Posts Tagged ‘Stakeholders’


Stay in touch with the Spirit of Venice —


There was standing room only at the VNC Neighborhood Committee meeting on Monday, January 24, 2012.  Boisterous proponents of the new curfew affecting Ocean Front Walk (Venice Boardwalk) showed extreme satisfaction with the city’s decision to restrict access to the boardwalk between the hours of 12 midnight and 5:00 am.

Some residents claiming to live close to the boardwalk cited fear of walking the boardwalk because of the youth who congregate there, camped out over night.  Other residents complained that the curfew was over-reaching and restrictive to their freedom to come and go when they choose.  Then again, others questioned why the curfew was needed, at all, as there are already laws on the books to deal with unlawful activity on the boardwalk.

CD 11 Deputy, Arturo Pina, gratuitously fielded questions from the room after explaining that the boardwalk has always been part of the park, and a curfew applies to all parks from midnight to 5:00 am.  LAPD officer Kreeft mis-spoke when she claimed that the “Jones Settlement” (allowing homeless individuals to sleep on the sidewalk) only applied to Skid Row, downtown.  While LAPD officer Thusing assured the crowd that the situation on the boardwalk at night is “dangerous” – begging the question:  so why haven’t the police been dealing with it?

According to officer Kreeft the police have had their “hands tied” through fear of lawsuits; and have, additionally, been lacking in sufficient personnel to cope with the problem.  To which one astute resident asked: so, how do they expect to cope with it now?

Residents who live off Speedway were concerned that the new curfew will drive the homeless campers east of the boardwalk and up onto their property.  They were also afraid that there would be more late night foot traffic on Speedway, comprised of drunks turning out of the bars, which would add to the mix, creating noise problems and safety issues.

Mention of the Coastal Commission and the California Coastal Act were noticeably absent from the meeting, an issue that has yet to be properly addressed by the city with regard to the curfew on the beaches, and now the boardwalk.  According to correspondence from the Coastal Commission on August 26, 2010 to the City of Los Angeles “the beach curfew…qualifies as development under the Coastal Act and therefore requires a coastal development permit.”  The letter also states that “The imposition of this beach curfew, as is it’s clearly stated intent, restricts public access to the sea.”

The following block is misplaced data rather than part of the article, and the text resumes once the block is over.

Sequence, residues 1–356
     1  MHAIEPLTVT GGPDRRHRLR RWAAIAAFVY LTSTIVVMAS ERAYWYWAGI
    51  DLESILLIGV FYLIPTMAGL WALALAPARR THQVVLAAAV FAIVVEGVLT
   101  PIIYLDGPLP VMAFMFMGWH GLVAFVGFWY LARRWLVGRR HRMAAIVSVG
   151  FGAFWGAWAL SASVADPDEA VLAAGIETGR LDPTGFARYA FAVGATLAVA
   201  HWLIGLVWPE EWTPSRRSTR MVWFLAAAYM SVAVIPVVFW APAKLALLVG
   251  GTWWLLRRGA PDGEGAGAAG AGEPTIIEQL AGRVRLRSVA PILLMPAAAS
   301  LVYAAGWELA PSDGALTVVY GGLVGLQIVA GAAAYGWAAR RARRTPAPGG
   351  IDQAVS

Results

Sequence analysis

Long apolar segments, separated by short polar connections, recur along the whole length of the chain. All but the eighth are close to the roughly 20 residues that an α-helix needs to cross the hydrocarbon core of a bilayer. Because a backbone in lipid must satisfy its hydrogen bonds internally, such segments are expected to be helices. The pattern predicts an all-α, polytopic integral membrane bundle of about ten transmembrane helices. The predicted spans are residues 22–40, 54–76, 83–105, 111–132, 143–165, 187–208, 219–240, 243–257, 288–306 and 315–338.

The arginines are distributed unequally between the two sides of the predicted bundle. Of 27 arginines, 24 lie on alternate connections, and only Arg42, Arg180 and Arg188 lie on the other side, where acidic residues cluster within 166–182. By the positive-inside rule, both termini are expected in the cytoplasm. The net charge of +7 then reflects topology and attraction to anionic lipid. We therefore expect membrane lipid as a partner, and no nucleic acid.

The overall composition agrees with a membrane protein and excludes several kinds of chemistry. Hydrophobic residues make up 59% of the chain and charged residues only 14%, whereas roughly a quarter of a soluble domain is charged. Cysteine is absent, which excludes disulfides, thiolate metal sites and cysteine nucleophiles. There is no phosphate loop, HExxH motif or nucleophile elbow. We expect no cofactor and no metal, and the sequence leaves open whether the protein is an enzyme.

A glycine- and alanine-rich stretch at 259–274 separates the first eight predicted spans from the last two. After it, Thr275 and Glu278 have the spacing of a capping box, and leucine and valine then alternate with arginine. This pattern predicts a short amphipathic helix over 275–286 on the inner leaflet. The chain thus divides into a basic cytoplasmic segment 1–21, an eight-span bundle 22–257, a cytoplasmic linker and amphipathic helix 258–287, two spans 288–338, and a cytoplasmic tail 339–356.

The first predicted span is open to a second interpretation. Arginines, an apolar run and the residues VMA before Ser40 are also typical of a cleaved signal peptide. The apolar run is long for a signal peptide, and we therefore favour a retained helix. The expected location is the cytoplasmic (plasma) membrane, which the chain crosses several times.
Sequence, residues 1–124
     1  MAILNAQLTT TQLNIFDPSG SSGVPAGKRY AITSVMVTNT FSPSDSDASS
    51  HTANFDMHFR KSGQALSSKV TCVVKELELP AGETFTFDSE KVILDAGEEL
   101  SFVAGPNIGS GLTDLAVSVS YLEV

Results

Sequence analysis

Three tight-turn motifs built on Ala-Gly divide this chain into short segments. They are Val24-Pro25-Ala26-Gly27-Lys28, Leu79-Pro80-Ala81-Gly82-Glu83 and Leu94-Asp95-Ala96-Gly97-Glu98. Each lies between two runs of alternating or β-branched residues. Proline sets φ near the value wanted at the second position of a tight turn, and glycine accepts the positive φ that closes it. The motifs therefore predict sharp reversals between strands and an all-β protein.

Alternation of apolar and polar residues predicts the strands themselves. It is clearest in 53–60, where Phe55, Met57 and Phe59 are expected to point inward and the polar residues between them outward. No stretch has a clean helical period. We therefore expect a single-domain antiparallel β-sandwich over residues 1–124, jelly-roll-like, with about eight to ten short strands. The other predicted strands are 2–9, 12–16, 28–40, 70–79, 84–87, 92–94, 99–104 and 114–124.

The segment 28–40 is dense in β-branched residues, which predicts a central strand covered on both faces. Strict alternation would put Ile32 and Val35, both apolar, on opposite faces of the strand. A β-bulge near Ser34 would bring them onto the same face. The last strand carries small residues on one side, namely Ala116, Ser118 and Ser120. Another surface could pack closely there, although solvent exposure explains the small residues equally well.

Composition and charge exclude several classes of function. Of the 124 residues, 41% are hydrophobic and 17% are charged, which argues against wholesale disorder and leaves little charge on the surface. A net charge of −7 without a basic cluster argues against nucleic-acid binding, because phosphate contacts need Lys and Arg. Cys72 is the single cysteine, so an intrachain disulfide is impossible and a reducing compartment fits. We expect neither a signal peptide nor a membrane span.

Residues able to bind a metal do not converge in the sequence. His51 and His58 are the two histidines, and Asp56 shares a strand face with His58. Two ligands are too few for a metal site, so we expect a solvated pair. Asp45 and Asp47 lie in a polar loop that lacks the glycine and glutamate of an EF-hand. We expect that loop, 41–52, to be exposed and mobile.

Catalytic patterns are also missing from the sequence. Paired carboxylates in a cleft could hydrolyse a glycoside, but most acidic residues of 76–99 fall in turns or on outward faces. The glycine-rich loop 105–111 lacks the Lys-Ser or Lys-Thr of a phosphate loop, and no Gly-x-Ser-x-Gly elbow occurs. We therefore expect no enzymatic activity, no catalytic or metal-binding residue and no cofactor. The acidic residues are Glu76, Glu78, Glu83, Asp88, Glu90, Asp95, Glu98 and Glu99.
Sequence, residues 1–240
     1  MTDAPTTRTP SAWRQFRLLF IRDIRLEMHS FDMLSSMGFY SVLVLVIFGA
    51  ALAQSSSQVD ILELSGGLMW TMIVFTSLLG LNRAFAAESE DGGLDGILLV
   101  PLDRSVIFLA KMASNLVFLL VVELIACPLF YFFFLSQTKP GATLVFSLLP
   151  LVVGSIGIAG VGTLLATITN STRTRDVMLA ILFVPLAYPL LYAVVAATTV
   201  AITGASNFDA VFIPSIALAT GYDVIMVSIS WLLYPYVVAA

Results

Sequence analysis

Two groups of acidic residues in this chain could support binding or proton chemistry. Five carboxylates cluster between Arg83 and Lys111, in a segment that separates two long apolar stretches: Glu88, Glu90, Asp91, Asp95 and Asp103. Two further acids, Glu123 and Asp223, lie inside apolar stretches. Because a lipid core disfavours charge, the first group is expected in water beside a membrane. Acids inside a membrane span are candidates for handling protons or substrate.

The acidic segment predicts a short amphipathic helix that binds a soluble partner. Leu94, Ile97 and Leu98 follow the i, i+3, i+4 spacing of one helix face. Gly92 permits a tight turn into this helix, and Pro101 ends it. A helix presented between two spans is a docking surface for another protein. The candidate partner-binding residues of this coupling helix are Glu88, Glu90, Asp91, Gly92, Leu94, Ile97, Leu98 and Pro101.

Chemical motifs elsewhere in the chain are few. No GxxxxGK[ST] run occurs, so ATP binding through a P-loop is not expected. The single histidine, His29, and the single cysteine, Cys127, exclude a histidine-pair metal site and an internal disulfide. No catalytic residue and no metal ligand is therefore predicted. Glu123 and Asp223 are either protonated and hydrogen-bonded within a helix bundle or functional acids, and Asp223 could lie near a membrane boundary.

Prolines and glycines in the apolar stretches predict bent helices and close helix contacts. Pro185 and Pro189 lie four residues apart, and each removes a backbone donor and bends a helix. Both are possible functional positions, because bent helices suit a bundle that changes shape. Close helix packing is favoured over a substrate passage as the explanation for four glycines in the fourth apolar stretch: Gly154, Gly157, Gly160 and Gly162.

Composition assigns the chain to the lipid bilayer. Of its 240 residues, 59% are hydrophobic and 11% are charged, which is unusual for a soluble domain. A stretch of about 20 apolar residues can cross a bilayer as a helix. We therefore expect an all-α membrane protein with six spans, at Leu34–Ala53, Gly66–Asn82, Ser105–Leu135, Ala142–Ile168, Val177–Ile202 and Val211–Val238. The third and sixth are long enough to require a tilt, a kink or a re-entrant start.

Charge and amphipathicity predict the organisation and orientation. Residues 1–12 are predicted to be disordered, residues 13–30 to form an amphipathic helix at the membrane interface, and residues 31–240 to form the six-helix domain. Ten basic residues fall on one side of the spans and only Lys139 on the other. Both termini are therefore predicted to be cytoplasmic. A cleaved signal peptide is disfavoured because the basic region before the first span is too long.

It is very possible and highly probable that a lawsuit will be the deciding factor in this dispute.  Meanwhile, our freedoms continue to be slowly but surely eradicated at the behest of the City of Los Angeles and a handful of fearful “stakeholders” in Venice who are determined to make Venice their proprietary domain.

Sign our petition here:


Stay in touch with the Spirit of Venice —


No names mentioned but the inexorable “Energized Bunny” – Ms. T (currently surviving on food stamps and police handouts) – is first with the scoop on Ocean Front Walk “developments”.

The latest news from our tireless bunny is that the police and city attorney are ramping up to enforce not only the newly amended LAMC 42.15 that proposes to regulate vending on OFW, but also close OFW from midnight to 5:00 am, since it has recently been declared part of “The Park”.

According to Ms. T, the police have declared that “The Park”, consisting of OFW from Navy St. to Washington Blvd., will be closed between midnight and 5:00 am and anyone in “The Park” will be warned and then cited if they stay in the park beyond midnight. This also means that those homeless people who sleep on the edge of OFW; and those local residents who like to take a late night/early morning stroll down OFW, will no longer be able to do so.

The police have been in training, getting ready to enforce LAMC 42.15, which will begin around January 20, once the new signs are posted. This will also coincide with the enforcement of the midnight – 5:00 am curfew on OFW.